In the clinical stages of the disease, the rash may appear on any part of the body; the palms, as well as soles, are not left out in this case. Initially, purpuric or petechial rash of about 1-2mm in diameter lesions appears (Apicella, 2000). This progresses outwards to produce larger ecchymotic lesions which normally appear in clusters. In children, clinical features could include high temperature, haemorrhagic rash, altered mental state, meningeal irritation, and the unwillingness to make eye contact or to interact.

Antibiotic therapy should begin immediately for those suspected or identified to be infected by the disease. Benzylpenicillin or ceftriaxone is administered to those suspected to be infected as an immediate treatment before being transferred to the hospital or within 30 minutes of their arrival at the hospital (Commonwealth of Australia, 2001). This is done before cerebrospinal fluid as well as blood specimens are taken so as to lower the amount of positive cerebrospinal fluid cultures or blood.

After the initial assessment and administration of antibiotic, a triage nurse has to assess the patient to determine the possibility of meningococcal disease. The presence of petechial or maculopapular rash is used to in early diagnosis of the disease (Commonwealth of Australia, 2001). Diagnostic tests should include blood and throat swab tests as well as serological studies. Others include acid-base balance, electrolyte, and chest x-rays (Commonwealth of Australia, 2001).

The therapy for the disease after Neisseria meningitidis has been identified involves continued administration of benzylpenicillin or the available recommended antibiotic as a sole antibiotic until the therapy is completed (Commonwealth of Australia, 2001). This should be continued for a minimum of three days. When the individual is being discharged from the hospital, a summary discharge which contains details of the prognosis as well as the follow-up needed is sent to the patient’s general practitioner. If found that the patient’s recovery process has no complications, then, he or she is released under the care of the general practitioner. The clinical recovery process is considered successful if no seizures are experienced by the patient (Commonwealth of Australia, 2001).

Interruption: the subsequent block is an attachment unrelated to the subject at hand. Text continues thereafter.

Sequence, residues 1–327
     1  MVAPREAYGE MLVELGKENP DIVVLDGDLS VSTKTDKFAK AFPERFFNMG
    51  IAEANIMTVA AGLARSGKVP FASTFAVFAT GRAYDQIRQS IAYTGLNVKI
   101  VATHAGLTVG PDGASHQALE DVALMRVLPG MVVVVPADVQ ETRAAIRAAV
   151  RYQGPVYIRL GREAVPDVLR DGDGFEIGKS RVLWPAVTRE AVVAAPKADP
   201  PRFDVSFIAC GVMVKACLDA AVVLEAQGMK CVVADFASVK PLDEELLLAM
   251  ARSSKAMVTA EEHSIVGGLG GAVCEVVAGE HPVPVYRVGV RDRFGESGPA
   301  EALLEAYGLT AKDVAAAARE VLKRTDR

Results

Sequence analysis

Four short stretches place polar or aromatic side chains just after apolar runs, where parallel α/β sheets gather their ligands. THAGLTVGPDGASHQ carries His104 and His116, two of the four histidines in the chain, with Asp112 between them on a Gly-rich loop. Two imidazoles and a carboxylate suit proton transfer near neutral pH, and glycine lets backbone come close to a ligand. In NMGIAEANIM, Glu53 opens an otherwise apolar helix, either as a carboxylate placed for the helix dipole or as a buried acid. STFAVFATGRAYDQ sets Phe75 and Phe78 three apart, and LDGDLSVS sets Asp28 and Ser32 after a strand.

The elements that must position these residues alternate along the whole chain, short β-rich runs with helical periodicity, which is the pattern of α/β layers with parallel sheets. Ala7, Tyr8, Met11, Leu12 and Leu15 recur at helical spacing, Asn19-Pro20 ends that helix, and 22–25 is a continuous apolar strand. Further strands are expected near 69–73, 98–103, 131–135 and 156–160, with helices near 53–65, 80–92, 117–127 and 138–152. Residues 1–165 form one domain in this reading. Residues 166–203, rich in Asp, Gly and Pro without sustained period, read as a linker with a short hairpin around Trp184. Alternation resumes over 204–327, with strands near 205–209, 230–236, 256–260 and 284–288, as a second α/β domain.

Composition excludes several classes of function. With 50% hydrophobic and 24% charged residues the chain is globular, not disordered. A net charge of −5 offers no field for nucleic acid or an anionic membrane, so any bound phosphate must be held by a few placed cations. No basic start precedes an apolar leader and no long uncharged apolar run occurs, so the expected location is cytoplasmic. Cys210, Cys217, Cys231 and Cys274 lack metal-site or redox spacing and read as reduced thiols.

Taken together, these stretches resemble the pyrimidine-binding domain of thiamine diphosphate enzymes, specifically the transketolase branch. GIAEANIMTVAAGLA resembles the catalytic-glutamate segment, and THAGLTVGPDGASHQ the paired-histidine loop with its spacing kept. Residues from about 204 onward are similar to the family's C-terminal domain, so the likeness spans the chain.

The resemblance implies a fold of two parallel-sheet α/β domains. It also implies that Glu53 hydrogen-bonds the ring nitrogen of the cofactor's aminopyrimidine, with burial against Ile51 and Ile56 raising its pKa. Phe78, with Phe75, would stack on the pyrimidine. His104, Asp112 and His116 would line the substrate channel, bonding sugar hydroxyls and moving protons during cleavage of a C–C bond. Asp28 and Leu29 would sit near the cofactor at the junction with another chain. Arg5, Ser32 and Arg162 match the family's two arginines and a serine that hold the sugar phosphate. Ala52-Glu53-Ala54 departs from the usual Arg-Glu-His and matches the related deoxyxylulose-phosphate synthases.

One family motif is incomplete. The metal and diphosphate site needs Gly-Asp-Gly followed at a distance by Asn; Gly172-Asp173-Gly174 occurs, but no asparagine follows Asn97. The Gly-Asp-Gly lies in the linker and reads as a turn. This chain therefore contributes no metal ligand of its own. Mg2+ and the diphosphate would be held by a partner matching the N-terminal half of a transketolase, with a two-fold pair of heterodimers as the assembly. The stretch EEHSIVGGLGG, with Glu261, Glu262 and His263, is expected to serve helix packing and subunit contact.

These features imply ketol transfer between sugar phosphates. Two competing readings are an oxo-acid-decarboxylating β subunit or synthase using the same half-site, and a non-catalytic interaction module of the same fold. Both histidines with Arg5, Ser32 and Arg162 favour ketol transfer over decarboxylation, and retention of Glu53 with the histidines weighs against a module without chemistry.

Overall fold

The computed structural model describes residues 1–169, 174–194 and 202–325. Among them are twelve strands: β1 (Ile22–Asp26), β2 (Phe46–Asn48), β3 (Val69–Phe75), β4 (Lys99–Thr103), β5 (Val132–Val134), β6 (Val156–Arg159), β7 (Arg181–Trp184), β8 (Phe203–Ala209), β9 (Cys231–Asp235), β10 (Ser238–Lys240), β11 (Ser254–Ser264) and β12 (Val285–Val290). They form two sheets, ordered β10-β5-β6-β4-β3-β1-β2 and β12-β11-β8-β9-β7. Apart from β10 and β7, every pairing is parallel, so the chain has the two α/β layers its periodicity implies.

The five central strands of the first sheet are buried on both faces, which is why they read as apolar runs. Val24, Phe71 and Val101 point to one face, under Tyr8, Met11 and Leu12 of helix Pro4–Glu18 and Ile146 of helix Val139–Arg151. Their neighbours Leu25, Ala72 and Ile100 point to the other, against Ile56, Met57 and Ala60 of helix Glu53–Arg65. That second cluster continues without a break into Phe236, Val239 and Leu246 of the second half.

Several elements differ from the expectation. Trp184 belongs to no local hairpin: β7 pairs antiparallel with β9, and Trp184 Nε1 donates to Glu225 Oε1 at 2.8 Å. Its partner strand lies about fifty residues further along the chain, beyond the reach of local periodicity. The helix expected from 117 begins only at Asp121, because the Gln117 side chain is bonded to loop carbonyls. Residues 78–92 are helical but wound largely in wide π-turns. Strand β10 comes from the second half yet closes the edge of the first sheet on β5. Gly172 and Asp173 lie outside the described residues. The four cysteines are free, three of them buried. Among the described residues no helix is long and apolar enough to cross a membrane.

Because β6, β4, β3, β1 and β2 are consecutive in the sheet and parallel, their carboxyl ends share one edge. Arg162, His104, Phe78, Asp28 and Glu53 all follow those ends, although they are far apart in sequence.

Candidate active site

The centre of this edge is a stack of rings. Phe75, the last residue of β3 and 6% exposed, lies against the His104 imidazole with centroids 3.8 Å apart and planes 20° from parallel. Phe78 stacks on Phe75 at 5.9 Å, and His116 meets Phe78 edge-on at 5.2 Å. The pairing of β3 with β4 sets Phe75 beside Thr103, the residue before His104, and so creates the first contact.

Some patients may survive death but acquire brain injury, experience seizures, suffer deafness or be amputated. In such cases, the recovery process involves planned, together with, specialised follow-up arrangements during discharge from hospital. However, in case the person infected by the disease does not receive early treatment or an effective antibiotic therapy, then the person may die.

Primary prevention

Primary prevention measures to curb the spread of the disease include practicing basic hygiene measures like avoiding sharing of drinking cups or vessels as well as hand washing to limit exposure to Neisseria meningitidis, and as a result, reduce its infection. Other measures include covering mouth or nose when coughing or sneezing to reduce the likelihood of spreading the bacteria (New Zealand Ministry of Health, 2011).

Whenever it is confirmed that an individual is already infected with the disease, all those who are normally in close contact with the person should be given antibiotics or chemoprophylaxis to reduce the likelihood of the disease spread to other people (Greenwood & Wali, 1980).

Secondary prevention

Prevention of meningococcal disease can be best achieved through vaccination against Neisseria meningitidis. W-135, A, B, C and Y serogroups are nearly responsible for all infection cases of the disease although vaccine against the B serogroup is still being developed. There are several vaccines which can be used to protect individuals against the rest of the strains of meningococcal disease. The lowest age for which an individual is supposed to receive the initial dose of meningococcal vaccine as well as the interval for vaccine doses varies depending on the type of vaccine used.